(Yicai Global) June 6 -- On June 1, China’s National Bureau of Statistics released its Purchasing Managers' Indices (PMIs) for May. The press has tended to focus on the indices' monthly dynamic and has emphasized a slowing manufacturing sector and an accelerating service sector. However, the opposite conclusion can be drawn just as easily. May's manufacturing PMI reading – 50.6 percent – was still quite strong, about two standard deviations above its 2019 average. And, at 53.6 percent, the non-manufacturing PMI remains somewhat below its mean reading for last year.
Taken together, the PMIs seem to indicate that the economy is slowly recovering but it is hard to tease out the speed of the recovery from the information they provide. We discussed some of the problems with the PMIs in a previous piece.
To get a sense of how rapidly the economy is growing, we have developed the weekly Yicai High-Frequency Economic Activity Index (YHEI), which is based on eight component daily indices. We calculate year-over-year growth rates for each index and smooth them bit to get rid of the sharp rebound after the Chinese New Year. Following the method developed by economists at the New York Fed, we extract the common trend from the eight growth rates and calibrate its mean and standard deviation to match year-over-year GDP growth.
The graph below plots the YHEI data to May 30 against year-over-year GDP growth. In the first quarter, the YHEI fell to a low of -19 percent on February 8 before rebounding to -4 percent on March 28. For the quarter as a whole, the YHEI averaged -6.7 percent, compared to GDP growth of -6.8 percent.
The YHEI continued to climb in April and May, albeit at a slower pace than in March. It averaged -4.4 percent in April and 0.6 percent in May. Should this pace of recovery be maintained, the YHEI for June will come in at close to 5 percent and the second quarter will average 0.4 percent.
If GDP were to follow the path predicted by the YHEI and come in at 0.4 percent in the second quarter, it would be quite an achievement. Not only would it indicate a return to positive year-over-year growth following the terrible drop in Q1, but the level of GDP would be only 2 percent lower than that of the fourth quarter of 2019, which was the highest to-date.
Now let’s look at the components of our YHEI in more detail.
We have two mobility-based indices. Our 30-City Traffic Congestion Index is a weighted average of peak traffic congestion times compiled by AMAP. We weight congestion in China’s 30 most economically important cities by their relative municipal GDPs. We like this index because it is broad and not tied to a specific industry or sector. We also like it’s being available for a large number of cities. Our 8-City Subway Ridership Index looks at daily subway passenger traffic in Shanghai, Guangzhou, Chengdu, Nanjing, Xian, Suzhou and Chongqing. This index does not have as broad a coverage as our Traffic Congestion Index.
Both of these indices show rebounds from their February lows. However, subway ridership is still down about 20 percent, perhaps reflecting fear of infection and greater work from home. Low subway ridership could be inflating the traffic congestion series, which has recovered to its pre-crisis level.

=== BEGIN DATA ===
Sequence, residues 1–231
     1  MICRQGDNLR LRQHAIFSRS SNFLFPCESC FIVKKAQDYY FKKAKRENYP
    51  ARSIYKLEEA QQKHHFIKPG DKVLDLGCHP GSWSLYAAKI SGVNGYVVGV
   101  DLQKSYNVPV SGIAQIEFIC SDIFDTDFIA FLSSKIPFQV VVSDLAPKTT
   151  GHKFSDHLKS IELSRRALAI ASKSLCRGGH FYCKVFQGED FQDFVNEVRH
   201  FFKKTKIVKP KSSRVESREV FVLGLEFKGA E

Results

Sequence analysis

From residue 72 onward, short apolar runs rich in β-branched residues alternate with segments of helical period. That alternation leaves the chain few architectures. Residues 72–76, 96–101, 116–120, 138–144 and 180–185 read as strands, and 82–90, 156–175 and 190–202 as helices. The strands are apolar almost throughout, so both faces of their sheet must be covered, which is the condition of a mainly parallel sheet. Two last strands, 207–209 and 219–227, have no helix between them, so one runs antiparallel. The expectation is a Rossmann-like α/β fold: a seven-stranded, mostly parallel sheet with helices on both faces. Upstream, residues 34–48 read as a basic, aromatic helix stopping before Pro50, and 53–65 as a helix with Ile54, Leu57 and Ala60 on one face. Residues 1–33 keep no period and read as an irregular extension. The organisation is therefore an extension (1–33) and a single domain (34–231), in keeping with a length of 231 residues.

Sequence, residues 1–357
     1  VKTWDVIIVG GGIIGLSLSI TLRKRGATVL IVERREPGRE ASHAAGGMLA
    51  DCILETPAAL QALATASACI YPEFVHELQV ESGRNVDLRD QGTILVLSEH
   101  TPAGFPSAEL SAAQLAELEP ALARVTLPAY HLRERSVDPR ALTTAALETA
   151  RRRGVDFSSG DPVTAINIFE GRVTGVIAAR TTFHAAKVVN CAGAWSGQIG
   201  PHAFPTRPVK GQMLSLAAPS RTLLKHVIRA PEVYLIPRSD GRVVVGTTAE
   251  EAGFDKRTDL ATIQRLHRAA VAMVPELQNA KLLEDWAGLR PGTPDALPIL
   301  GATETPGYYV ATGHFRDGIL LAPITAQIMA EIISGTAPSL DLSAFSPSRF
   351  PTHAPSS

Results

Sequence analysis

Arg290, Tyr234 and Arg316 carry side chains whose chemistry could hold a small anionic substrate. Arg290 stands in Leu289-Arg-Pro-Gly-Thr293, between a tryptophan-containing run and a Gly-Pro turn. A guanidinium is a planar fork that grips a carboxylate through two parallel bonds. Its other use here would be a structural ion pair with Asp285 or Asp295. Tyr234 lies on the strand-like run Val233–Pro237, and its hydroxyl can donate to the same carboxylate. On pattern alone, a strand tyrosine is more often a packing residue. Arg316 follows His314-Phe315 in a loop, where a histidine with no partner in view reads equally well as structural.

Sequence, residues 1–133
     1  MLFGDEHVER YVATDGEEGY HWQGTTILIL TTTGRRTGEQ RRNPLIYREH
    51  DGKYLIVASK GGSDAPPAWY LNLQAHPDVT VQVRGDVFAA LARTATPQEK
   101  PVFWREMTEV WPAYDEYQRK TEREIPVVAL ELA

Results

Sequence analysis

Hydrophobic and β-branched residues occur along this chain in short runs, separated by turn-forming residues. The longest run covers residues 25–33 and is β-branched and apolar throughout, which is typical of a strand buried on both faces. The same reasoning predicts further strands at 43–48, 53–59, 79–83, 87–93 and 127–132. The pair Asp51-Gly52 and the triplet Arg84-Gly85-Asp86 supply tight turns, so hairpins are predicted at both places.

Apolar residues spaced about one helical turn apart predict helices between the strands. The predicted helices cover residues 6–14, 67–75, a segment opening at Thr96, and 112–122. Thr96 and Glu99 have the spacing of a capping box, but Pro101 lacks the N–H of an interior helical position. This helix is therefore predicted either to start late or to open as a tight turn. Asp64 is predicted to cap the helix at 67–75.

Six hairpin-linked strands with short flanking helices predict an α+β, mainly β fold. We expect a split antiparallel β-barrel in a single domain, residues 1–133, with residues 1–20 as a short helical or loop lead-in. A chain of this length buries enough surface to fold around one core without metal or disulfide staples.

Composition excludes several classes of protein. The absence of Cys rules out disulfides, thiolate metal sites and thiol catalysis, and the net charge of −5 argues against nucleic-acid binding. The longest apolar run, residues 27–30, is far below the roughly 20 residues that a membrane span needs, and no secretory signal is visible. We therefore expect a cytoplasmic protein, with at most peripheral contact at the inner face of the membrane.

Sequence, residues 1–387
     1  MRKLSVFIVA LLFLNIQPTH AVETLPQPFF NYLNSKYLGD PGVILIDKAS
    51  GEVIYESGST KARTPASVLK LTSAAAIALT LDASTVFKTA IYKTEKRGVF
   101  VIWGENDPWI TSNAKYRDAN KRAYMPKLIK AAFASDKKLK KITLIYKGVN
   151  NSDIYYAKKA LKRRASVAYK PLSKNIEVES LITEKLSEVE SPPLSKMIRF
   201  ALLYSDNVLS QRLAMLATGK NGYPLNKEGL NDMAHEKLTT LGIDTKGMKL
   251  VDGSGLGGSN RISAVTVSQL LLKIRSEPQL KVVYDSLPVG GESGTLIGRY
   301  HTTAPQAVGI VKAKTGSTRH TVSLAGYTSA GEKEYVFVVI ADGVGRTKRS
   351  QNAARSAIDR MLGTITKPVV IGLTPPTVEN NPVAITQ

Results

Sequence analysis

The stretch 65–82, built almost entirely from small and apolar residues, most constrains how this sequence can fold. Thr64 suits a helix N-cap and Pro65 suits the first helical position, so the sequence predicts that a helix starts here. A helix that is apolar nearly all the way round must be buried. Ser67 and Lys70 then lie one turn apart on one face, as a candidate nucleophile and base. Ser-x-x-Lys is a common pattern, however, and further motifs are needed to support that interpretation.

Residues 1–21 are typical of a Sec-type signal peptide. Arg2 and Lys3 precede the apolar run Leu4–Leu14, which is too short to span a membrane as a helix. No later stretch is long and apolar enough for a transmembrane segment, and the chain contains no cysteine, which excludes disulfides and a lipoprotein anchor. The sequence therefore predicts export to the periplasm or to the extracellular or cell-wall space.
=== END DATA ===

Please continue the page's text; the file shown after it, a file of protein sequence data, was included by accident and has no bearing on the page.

We have two power-based indices. Our Coal Consumption Index reflects how much coal is consumed at China’s major power plants. More than two-thirds of China’s electricity production comes from burning coal and there is a good short-run correlation between this coal consumption indicator and monthly electricity consumption.
Our 8-City Air Pollution Index is a simple average of the readings of PM 2.5 concentrations in Beijing, Guangzhou, Nanjing, Suzhou, Nantong, Changzhou, Wuxi and Xuzhou. The burning of coal is a major contributor to PM 2.5 pollution.
While the air pollution index is more volatile than the one for coal consumption, the two show broadly similar trends and reflect power generation that has returned to normal levels.
Our 30-City Unit Apartment Sales Index presents total unit apartment sales in China’s 30 biggest cities. Our Import Freight Cost Index reflects the China Import Dry Bulk Freight Index, a composite of the costs of shipping four types of cargo (iron ore, coal, grain and nickel ore) to China via 14 global routes. This index has a good, medium-term correlation with imports.
The trends in these indices are quite different. Apartment sales are back to normal, while the cost of shipping bulk goods to China is still well below last year.
Our final set of indices reflect searches on the Baidu website (China’s Google) for the keywords unemployment (失业) and bankruptcy (破产).
The graph below shows that searches for these two terms increased in February, with those for “unemployment” spiking particularly sharply. Searches for “bankruptcy” have essentially returned to normal while those for “unemployment” have receded from their April peaks but remain 50 percent higher than last year.
Our eight component indices do not make equal contributions to the YHEI. Their weights depend on the extent that they reflect the common trend on which the YHEI is based. The importance of the two mobility indices, apartment sales and coal consumption are roughly equal and about ten times as important as the other four indices. Still, when a minor index like searches for “unemployment” makes a big move, it too can have a significant effect on the YHEI.
Forecasts for GDP growth this year are clouded by many types of uncertainty. We don’t know how the virus will evolve. We don’t know how quickly countries around the world will get back to work. We don’t know how supportive new macroeconomic or how destructive new trade policies might be. We cannot even be sure how well our models fit the real world. However, monitoring a wide set of alternative data on a high frequency basis can offer a “reality check” on traditional data, like the PMIs, which may be less informative than usual.